- 4. Dip the paper strip into the solution for 10 seconds, let it drip for 35 seconds and then pass it through the press.
- 5. Drum-dry the test sheet and equilibrate at room temperature.
- 6. Measure brightness and yellowness.
Optical brighteners can be combined with oxidative performance enhancers in a surface sizing solution. Generally, optical brighteners can react with oxidants. However, we found that the conditions of surface sizing process are mild enough to prevent this from happening.
- This table shows a much stronger activation effect of PAA vs hydrogen peroxide (compare doses) <we should add ure to Claims!>. It also shows that the PAA is active at low doses and increasing the dose does not result in a significant improvement at a high brightness range.
- This table shows improvement in whiteness when PAA is combined with AS.
- This table shows that the effect of PAA is stable in a pH range typical of sizing solutions.
- This table shows a much stronger activation effect of PAA vs. a reductive formulation for OBA activation.
- This table shows that the effect of PAA at low doses in a pH range typical of sizing solutions.
- This table shows performance of the recommended formulation in a pH range typical of sizing solutions, with pH adjustment using (a) sodium hydroxide (preferred) and (b) sodium carbonate; the effect of alternative ammonium salts is shown for comparison.
This table shows synergism between PAA and AS in a pH range typical of sizing solutions; pH adjusted with sodium hydroxide
This table shows performance of the recommended formulation in a pH range typical of sizing solutions, with pH adjustment using (a) sodium hydroxide (preferred) and (b) sodium carbonate.
This table shows performance in presence of a (standard) hexasulfonated OBA of the recommended formulation in presence of calcium chloride as a 32% solution (CA) and at different doses of the OBA; a 30% replacement is projected.
This table shows performance in presence of a tetrasulfonated OBA of the recommended formulation in presence of calcium chloride as a 32% solution (CA) and at different doses of the OBA; a 30% replacement is projected.
The examples demonstrate that optical brighteners can be combined with oxidative performance enhancers in a surface sizing solution. Generally, optical brighteners are expected to react with oxidants. However, the data shows that the conditions of surface sizing process are mild enough to prevent this from happening.Additional Embodiments
The method for inhibiting corrosion of a solid by contacting the solid with an effective amount of the compound or composition in the manner described above may be applied in a number of other uses.
The methods, compounds and compositions of the present invention are useful for corrosion inhibition of containers, processing facilities, or equipment in the food service or food processing industries. The methods, compounds and compositions have particular value for use on food packaging materials and equipment, and especially for cold or hot aseptic packaging. Examples of process facilities in which the compound of the invention can be employed include a milk line dairy, a continuous brewing system, food processing lines such as pumpable food systems and beverage lines, ware wash machines, low temperature ware wash machines, dishware, bottle washers, bottle chillers, warmers, third sink washers, processing equipment such as tanks, vats, lines, pumps and hoses (e.g., dairy processing equipment for processing milk, cheese, ice cream and other dairy products), and transportation vehicles. The methods, compounds and compositions of the invention can be used to inhibit corrosion in tanks, lines, pumps, and other equipment used for the manufacture and storage of soft drink materials, and also used in the bottling or containers for the beverages.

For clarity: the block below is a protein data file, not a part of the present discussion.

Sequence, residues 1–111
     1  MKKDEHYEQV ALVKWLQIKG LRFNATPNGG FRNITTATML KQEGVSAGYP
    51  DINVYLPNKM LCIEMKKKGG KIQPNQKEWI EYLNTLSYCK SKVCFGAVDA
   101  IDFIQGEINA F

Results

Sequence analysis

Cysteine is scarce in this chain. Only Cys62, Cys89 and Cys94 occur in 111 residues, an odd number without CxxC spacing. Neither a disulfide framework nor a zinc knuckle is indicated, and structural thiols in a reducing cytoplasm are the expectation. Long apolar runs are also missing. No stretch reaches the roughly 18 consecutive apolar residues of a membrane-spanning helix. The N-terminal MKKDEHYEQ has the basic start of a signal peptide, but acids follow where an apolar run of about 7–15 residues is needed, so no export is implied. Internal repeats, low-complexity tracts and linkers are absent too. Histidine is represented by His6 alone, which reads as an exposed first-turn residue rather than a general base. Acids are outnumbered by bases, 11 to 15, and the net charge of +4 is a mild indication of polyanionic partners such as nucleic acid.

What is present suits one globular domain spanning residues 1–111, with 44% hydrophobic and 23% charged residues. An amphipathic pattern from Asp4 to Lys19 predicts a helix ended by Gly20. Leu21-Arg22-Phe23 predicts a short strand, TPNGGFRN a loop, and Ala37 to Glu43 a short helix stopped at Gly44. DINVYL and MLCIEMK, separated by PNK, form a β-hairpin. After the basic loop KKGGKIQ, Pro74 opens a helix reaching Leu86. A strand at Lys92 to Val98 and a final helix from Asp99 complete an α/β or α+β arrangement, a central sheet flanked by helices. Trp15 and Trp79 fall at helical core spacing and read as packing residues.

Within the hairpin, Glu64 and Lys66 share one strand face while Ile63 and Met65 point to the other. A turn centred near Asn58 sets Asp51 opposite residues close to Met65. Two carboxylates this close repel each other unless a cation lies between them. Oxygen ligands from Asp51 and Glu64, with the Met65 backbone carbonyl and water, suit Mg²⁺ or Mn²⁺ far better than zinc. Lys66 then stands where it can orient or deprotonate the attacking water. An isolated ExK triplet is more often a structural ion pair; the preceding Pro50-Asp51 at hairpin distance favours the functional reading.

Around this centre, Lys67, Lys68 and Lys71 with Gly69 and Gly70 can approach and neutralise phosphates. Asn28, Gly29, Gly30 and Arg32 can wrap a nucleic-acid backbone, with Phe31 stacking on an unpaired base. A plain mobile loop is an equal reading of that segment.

The methods, compounds and compositions can also be used on or in other industrial equipment and in other industrial process streams such as heaters, cooling towers, boilers, retort waters, rinse waters, aseptic packaging wash waters, and the like. The methods, compounds and compositions can be used to treat surfaces in recreational waters such as in pools, spas, recreational flumes and water slides, fountains, and the like.
According to an embodiment of the invention, it is desirable to use the corrosion inhibitor compositions and the claimed methods of use to inhibit the corrosion of metal surfaces contacted with cleaners in surfaces found in janitorial and/or housekeeping applications, food processing equipment and/or plant applications, and in laundry applications. For example, the corrosion of washers, such as tunnel washers for washing textiles, may be inhibited according to methods of the claimed invention.
In addition, surfaces may be contacted according to the methods of the present invention for use in low temperature dish and/or warewash sanitizing final rinse, toilet bowl cleaners, and laundry bleaches. According to further embodiments of the invention, the methods are used to treat metal surfaces, such as ware, cleaned and/or sanitized with corrosive sources.
While this invention may be embodied in many different forms, there described in detail herein specific preferred embodiments of the invention. The present disclosure is an exemplification of the principles of the invention and is not intended to limit the invention to the particular embodiments illustrated. All patents, patent applications, scientific papers, and any other referenced materials mentioned herein are incorporated by reference in their entirety. Furthermore, the invention encompasses any possible combination of some or all of the various embodiments described herein and/or incorporated herein. In addition the invention encompasses any possible combination that also specifically excludes any one or more of the various embodiments described herein and/or incorporated herein.